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    Budget 2024: Local shops seek stability amid rising costs

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    Association of Convenience Stores (ACS) has called on the Chancellor to hold back the tide of rising costs for local shops in key areas like business rates, employment, and the cost of providing access to cash.  

    In its submission to the Treasury ahead of the Budget on March 6, ACS has highlighted the importance of support provided through business rates reliefs in recent years to thousands of stores – particularly the retail, hospitality and leisure reliefs that are set to stay in place through 2024-25. ACS has urged the Chancellor to extend these reliefs further ahead, giving businesses more certainty about their costs in the medium term.

    The submission also warns of the challenges of persistent above inflation rises in National Living Wage rates and the impact that they’re already having on businesses. Retailers are already taking difficult decisions to reduce the overall number of paid staff hours in their stores, reducing profit margins, and ultimately reassessing the viability of the business. The future trajectory of the National Living Wage is currently uncertain as the Low Commission achieved its target this year of reaching two thirds of median earnings, with no further targets in place at present.

    ACS has called on the Chancellor to maintain the two-thirds target for the foreseeable future, with the option to pause any individual rise to combat wage increases having an adverse impact on employment rates and the economy.

    The third key area that retailers are looking for action on in this year’s Budget is access to cash. For a number of years the options for consumers looking to take out money have been declining, with thousands of bank branches abandoning high streets and convenience stores often the only place locally where an ATM is available. The fees that are paid by LINK on behalf of banks to run ATMs (interchange fees) have also been falling in an attempt to reduce the costs of running the network, with the consequence being retailers either removing their free-to-use ATM or switching it to a charging model. ACS is urging the Chancellor to conduct an urgent review interchange fees to ensure that they’re fit for purpose and can sustain a network of ATMs that provides access to cash to every community across the UK.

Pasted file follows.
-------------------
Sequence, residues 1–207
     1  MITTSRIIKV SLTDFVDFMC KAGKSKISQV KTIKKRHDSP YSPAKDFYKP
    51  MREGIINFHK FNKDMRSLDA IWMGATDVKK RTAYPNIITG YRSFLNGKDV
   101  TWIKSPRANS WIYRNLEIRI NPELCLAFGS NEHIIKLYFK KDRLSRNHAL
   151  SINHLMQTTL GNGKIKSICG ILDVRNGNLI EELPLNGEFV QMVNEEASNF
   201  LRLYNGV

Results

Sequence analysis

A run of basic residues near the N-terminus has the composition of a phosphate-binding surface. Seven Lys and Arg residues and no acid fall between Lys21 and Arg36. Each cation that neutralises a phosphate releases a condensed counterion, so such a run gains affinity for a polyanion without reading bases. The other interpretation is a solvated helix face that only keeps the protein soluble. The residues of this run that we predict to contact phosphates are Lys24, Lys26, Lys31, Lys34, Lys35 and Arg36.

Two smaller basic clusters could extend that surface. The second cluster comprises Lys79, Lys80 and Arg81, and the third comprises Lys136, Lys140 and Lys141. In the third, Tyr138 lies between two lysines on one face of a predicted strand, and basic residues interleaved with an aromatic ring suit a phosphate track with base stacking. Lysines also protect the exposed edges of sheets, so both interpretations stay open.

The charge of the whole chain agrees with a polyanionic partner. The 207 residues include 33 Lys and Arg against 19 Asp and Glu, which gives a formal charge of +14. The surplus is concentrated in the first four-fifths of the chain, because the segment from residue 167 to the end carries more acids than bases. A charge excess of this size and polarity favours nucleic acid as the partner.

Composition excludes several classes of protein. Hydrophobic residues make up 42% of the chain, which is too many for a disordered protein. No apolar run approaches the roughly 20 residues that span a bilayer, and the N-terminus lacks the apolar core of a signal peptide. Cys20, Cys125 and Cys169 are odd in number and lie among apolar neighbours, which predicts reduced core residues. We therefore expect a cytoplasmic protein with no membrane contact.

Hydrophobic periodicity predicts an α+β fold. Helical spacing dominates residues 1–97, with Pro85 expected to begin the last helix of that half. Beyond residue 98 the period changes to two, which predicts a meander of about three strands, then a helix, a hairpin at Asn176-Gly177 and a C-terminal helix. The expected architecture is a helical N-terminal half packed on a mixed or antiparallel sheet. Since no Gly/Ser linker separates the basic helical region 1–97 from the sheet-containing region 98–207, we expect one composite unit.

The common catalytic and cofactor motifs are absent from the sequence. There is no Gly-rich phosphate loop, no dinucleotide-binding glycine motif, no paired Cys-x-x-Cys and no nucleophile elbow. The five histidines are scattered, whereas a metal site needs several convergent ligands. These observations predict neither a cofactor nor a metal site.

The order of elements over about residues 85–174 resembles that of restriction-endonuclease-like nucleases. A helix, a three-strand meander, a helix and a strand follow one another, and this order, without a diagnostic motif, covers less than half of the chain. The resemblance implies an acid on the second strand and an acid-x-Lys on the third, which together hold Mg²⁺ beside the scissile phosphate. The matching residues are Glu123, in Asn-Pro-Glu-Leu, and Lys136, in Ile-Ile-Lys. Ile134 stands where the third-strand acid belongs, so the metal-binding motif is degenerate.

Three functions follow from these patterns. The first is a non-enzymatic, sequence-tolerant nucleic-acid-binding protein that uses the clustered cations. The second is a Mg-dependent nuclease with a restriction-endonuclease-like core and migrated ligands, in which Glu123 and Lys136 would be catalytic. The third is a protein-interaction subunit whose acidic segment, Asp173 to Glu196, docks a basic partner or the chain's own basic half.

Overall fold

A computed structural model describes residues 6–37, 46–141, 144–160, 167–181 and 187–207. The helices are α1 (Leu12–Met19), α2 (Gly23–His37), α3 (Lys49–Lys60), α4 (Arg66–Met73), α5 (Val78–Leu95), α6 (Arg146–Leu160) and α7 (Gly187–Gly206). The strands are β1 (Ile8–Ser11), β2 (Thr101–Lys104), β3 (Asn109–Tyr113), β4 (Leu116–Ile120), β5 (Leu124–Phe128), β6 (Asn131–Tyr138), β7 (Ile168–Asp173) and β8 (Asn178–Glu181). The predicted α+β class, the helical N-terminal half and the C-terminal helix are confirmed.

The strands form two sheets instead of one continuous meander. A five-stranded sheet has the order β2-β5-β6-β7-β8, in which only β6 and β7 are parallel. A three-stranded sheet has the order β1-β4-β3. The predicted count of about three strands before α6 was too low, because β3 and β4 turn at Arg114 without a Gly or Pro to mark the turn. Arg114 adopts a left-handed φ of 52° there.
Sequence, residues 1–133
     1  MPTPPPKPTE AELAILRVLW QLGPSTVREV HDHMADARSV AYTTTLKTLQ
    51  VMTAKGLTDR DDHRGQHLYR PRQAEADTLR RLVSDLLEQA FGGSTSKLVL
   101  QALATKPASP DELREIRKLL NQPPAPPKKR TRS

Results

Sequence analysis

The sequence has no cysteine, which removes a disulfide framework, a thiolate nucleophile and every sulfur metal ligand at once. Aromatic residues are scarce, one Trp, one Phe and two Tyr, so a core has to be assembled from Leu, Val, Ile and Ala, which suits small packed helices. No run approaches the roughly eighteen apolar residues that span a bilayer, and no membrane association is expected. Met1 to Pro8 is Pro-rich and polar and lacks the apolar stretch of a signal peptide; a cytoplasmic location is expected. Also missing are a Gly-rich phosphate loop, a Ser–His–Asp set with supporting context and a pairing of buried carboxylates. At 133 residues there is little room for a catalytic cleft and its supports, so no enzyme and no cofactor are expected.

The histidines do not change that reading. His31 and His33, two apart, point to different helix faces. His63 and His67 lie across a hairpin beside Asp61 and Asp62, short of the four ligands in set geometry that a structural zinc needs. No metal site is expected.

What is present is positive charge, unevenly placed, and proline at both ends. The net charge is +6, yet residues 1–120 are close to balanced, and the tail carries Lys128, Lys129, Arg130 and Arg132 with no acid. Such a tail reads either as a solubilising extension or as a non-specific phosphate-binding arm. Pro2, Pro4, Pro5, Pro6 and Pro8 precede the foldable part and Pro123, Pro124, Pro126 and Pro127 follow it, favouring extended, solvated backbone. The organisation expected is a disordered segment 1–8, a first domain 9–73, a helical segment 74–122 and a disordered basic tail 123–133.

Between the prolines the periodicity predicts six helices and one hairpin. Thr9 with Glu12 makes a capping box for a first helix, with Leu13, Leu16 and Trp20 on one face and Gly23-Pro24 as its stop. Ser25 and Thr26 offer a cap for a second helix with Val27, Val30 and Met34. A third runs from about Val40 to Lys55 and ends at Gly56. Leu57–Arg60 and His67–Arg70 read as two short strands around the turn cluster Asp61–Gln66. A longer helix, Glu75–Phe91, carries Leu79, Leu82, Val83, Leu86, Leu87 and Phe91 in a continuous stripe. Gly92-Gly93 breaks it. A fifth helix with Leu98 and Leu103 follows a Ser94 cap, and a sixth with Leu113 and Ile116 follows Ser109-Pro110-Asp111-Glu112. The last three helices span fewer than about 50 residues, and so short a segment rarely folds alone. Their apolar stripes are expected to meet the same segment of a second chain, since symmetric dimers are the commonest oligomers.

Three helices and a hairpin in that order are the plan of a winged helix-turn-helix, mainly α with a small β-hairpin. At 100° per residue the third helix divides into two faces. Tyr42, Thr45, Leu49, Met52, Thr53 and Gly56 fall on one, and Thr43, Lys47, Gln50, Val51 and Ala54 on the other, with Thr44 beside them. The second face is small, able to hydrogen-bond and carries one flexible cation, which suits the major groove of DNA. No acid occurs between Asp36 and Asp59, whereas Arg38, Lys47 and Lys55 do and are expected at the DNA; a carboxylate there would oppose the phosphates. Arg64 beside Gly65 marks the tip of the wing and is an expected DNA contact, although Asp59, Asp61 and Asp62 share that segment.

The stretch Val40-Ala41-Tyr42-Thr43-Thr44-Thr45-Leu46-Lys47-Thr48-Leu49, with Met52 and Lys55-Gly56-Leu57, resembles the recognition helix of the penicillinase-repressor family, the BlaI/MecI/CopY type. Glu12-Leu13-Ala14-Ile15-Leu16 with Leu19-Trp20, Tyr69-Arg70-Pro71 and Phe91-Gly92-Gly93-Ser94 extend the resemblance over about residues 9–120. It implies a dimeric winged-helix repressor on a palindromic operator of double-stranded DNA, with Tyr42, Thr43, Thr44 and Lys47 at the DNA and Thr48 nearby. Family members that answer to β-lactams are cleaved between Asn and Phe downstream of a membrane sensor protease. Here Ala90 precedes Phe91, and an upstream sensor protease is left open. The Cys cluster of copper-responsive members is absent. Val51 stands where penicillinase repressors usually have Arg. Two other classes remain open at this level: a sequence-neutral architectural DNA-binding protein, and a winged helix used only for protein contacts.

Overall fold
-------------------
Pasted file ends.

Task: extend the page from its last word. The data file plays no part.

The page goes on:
ACS chief executive James Lowman said, “Convenience stores have battled through difficult times in the last few years, first during the pandemic, then the huge surge in energy costs, supply chain chaos, and most recently the hikes in inflation that have resulted in both a cost of living and a cost of trading crisis. While the economy is showing some positive signs, many stores are trading close to the edge of viability and need the right conditions to invest and evolve.  We urge the Chancellor to act on our recommendations and commit to supporting the local shop and the communities that rely on them.”

    Additional recommendations made in the submission include:

    • Raising the threshold for employer National Insurance Contributions
    • Considering a new rating methodology to address the imbalance between online and bricks-and-mortar stores
    • Freeze alcohol and fuel duties to relieve future inflation
    • Provide more funding to enforce against illicit tobacco and vape sellers
    • Address the rising cost of accepting card payments

    The full submission is available on the ACS website here.

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